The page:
The fungus that causes white-nose syndrome in hibernating bats has been detected on three species in the Texas counties of Childress, Collingsworth, Cottle, Hardeman, King and Scurry.
The fungus was found in samples collected by a team from Texas A&M University’s Institute of Renewable Natural Resources and wildlife and fisheries sciences department, along with Bat Conservation International. The tested samples showed the fungus was present on tri-colored, cave myotis and Townsend’s big-eared bats.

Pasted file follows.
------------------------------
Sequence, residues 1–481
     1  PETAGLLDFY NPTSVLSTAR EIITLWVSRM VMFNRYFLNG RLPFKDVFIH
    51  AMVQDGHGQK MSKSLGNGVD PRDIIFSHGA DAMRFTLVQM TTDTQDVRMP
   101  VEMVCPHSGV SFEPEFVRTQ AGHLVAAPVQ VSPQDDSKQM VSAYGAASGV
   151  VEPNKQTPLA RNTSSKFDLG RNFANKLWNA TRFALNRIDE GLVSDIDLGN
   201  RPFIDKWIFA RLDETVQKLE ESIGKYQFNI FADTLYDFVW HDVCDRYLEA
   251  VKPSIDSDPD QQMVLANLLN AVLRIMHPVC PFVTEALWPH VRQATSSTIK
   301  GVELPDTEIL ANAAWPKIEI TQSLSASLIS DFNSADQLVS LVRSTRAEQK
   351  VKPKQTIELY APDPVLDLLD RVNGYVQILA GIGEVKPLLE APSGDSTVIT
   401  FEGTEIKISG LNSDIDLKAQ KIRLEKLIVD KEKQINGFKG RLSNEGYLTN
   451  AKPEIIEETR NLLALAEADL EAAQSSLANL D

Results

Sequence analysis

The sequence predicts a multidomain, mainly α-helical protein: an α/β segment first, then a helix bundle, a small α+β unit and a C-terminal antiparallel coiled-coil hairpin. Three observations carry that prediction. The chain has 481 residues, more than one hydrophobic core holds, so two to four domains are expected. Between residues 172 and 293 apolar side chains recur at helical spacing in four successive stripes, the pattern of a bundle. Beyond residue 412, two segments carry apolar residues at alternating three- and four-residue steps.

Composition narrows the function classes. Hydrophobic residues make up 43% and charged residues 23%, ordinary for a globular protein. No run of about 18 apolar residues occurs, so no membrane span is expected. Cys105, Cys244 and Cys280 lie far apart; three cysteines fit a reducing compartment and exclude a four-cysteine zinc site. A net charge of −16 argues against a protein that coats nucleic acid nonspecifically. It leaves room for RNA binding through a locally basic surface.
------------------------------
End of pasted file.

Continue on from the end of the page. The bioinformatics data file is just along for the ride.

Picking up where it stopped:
Bats play an important role in controlling insect populations that pose threats to Texas crops as well as assist in crop pollination. In 2011, the authors of the paper “Economic Importance of Bats in Agriculture” estimated the loss of bats to have a negative economic impact on U.S. agriculture of at least $3.7 billion annually. Recent studies indicate the value of insect control by bats to Texas agriculture is $1.4 billion annually, based on fewer crop losses from insects, reduced disease and less pesticide use.
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